Spend a few minutes online and you’ll easily find yourself in a pool of overflowing advice, regarding everything from our nutrition choices to our psychological well-being. Even though the internet can feed us heaps of confusing information about how to live a healthier life, science continues to show that, often, the simpler your habits are, the happier you’ll find yourself.
According to a new meta-analysis study published by University of Manchester researchers, there is a clear link between our dietary choices and our mood. The findings, published in the journal Psychosomatic Medicine, reveal that when it comes to our daily food intake, eating healthy, minimally processed foods can lead to increased happiness and improved mental well-being.
The researchers looked at data from 45,826 total participants, analyzing a series of randomized controlled trials to investigate the connection between dietary choices and mood. The results revealed that when participants began incorporating foods into their diets that were rich in fiber, low in sugar, and non-processed, they started to see a decline in symptoms of depression and anxiety.
“The overall evidence for the effects of diet on mood and mental well-being had up to now yet to be assessed,” study author Joseph Firth, Ph.D., said in a press release. “But our recent meta-analysis has done just that; showing that adopting a healthier diet can boost people’s mood.”
While important to note that of the 16 trials, most were samples of people with non-clinical depression, the reductions in negative emotions are significant. “Just making simple changes is equally beneficial for mental health,” Firth explains. “Eating more nutrient-dense meals… while cutting back on fast-foods and refined sugars appears to be sufficient for avoiding the potentially negative psychological effects of a ‘junk food’ diet.” In short: By thinking about your diet in simple terms — based on how ingredients make you feel, you can make changes that will be beneficial for your own well-being.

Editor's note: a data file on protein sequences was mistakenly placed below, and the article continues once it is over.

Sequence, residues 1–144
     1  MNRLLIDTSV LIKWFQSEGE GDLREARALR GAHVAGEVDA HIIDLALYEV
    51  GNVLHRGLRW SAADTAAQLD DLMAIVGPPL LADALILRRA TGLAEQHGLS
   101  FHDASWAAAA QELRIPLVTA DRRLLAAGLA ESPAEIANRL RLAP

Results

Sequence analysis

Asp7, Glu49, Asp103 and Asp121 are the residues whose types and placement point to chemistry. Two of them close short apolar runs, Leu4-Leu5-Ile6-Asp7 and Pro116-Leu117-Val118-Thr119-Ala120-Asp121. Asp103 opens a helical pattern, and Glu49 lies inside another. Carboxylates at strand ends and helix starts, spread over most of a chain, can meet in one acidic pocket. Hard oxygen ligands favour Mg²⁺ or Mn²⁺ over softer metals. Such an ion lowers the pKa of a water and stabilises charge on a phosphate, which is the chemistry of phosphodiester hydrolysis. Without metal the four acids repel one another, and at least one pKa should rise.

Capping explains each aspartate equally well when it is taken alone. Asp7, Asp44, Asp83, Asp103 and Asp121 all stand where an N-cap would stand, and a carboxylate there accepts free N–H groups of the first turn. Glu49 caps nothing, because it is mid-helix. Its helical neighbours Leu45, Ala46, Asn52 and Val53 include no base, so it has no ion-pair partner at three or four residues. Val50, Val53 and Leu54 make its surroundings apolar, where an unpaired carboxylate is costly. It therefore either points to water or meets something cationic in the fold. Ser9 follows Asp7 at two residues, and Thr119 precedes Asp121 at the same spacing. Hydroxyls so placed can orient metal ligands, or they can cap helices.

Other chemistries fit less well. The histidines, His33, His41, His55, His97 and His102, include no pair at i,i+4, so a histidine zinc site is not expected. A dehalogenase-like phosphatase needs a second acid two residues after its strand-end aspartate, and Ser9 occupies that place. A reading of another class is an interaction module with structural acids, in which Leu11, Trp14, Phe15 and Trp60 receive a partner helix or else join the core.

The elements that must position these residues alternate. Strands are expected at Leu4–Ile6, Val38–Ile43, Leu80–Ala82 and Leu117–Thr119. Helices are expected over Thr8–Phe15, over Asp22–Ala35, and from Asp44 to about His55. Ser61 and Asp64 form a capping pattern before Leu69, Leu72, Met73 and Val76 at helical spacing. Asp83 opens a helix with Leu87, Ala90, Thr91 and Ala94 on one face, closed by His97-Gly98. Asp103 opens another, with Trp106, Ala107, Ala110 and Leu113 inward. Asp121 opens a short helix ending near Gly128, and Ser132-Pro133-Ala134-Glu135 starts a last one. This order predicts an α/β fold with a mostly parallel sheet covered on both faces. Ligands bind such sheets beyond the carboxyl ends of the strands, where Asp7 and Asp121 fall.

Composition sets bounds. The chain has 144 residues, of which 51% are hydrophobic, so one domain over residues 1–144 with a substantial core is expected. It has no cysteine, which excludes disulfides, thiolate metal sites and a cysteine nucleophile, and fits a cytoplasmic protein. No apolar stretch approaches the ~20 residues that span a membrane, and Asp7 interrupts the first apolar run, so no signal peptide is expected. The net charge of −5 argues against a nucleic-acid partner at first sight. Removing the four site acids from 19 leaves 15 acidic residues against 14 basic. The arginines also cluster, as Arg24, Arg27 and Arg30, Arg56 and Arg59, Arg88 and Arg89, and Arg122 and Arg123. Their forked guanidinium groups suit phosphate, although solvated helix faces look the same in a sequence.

Other studies have suggested similar ties between healthier food choices and well-being, and research in the field continues. One 2017 Cambridge study found that making healthy nutritional choices can have positive effects on human behavior and mindset. Other findings have indicated that eating a Mediterranean diet can help prevent depression.
Firth says that in his team’s research, he found the gendered component of the results to be quite significant. “The most surprising aspect to me was the stark difference in results between men and women,” he tells Thrive. “Specifically, dietary interventions for female samples saw significant improvements in depressive symptoms.” Firth says researchers need to delve into the reasons behind the contrast, as males in the study did not see such significant improvements, but the findings may help us better understand the individualization of our mental health.
The convoluted trove of online health advice can feel overwhelming, but Firth’s study proves that finding a diet to improve your mood is less complicated than most think. The main takeaway from the research comes down to selecting whole foods, vegetables, and non-processed ingredients when you can — and at the end of the day, eat what nourishes your body, and makes you feel your best.
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